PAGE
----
US eyes migration deals with rest of Central America after Guatemala's

US acting Secretary of Homeland Security Kevin McAleenan (L) shakes hands with Guatemalan President Jimmy Morales at the Culture Palace in Guatemala City on August 1, 2019 (AFP Photo/STR) (Guatemalan Presidency/AFP)

Guatemala City (AFP) - The United States will seek migration deals with El Salvador, Costa Rica, Honduras and Panama, akin to last week's with Guatemala, to curb emigration from Central America, a senior US official said Thursday.

"We do see this as a regional responsibility," acting US Homeland Security Secretary Kevin McAleenan said on a visit to Guatemala City, to follow up on the bilateral deal.

And "we are now seeking discussions with Honduras and El Salvador ... ( US President Donald Trump) last week invited for a ministerial the governments of Costa Rica and Panama as well, because we do see this as a regional effort, and a regional responsibility."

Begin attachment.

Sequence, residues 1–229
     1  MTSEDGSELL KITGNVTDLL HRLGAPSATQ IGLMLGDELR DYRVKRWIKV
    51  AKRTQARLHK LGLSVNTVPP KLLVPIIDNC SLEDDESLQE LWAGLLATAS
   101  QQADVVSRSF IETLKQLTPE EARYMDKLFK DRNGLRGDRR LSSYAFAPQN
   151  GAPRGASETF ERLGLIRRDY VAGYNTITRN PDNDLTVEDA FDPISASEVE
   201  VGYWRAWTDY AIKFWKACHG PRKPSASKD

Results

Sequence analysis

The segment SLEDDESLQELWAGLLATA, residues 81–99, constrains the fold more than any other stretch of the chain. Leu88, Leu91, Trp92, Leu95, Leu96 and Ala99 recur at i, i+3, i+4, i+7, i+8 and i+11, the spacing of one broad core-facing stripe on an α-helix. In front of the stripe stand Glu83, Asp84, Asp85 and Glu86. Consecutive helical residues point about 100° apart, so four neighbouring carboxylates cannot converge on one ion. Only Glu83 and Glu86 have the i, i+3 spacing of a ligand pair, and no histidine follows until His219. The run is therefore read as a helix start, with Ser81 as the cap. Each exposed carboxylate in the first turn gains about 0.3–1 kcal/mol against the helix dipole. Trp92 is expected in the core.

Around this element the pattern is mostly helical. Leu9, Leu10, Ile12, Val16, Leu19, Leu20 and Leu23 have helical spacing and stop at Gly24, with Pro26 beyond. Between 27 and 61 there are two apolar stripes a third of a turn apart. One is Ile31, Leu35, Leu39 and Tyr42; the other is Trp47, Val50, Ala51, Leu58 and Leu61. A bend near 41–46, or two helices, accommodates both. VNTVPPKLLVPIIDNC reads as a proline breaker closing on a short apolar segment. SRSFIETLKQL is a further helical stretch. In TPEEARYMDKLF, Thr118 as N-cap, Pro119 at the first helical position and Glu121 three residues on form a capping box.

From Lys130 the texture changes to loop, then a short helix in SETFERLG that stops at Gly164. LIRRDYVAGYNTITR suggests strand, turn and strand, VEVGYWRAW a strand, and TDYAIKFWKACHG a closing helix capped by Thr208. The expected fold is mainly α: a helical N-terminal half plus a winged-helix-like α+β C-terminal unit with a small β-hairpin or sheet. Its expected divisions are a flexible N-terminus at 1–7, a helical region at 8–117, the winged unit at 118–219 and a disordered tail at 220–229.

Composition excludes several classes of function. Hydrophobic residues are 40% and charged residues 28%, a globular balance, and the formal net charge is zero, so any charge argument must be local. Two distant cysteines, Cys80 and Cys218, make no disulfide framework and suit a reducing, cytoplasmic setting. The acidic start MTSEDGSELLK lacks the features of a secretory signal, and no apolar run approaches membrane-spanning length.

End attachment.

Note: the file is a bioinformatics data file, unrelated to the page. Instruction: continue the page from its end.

McAleenan stressed that coordination among the countries on the isthmus was key because 50 percent of those arriving at US borders without visas had crossed Guatemala, then Mexico en route to the US border.

On Friday Guatemala signed an agreement in Washington that, according to the White House, makes it a "safe third country."

Under it, migrants who want to seek asylum in the United States but travel through Guatemala must request asylum in the Central American country.

McAleenan said the agreement was about more than just asylum, with the deal allowing Guatemalans to apply for US agricultural worker visas.

"This is more than just an asylum compact. Again this is in the context of working on this together in the region but it also includes ... increased access to lawful employment in the United States. We want Guatemalan farmworkers to come to the US and work in our economy," he said.

Meanwhile, Guatemala's Interior Minister Enrique Degenhart told reporters that he expects the country's highest court of justice, the Constitutional Court (CC), will be flooded with suits challenging the US agreement.

Many international observers have said that Guatemala, with 60 percent poverty, is in no shape to welcome refugees but simply signed the deal under intense US pressure.

Degenhart insisted there had been no pressure, though Trump had threatened to tax imports and remittances if Guatemala did not comply.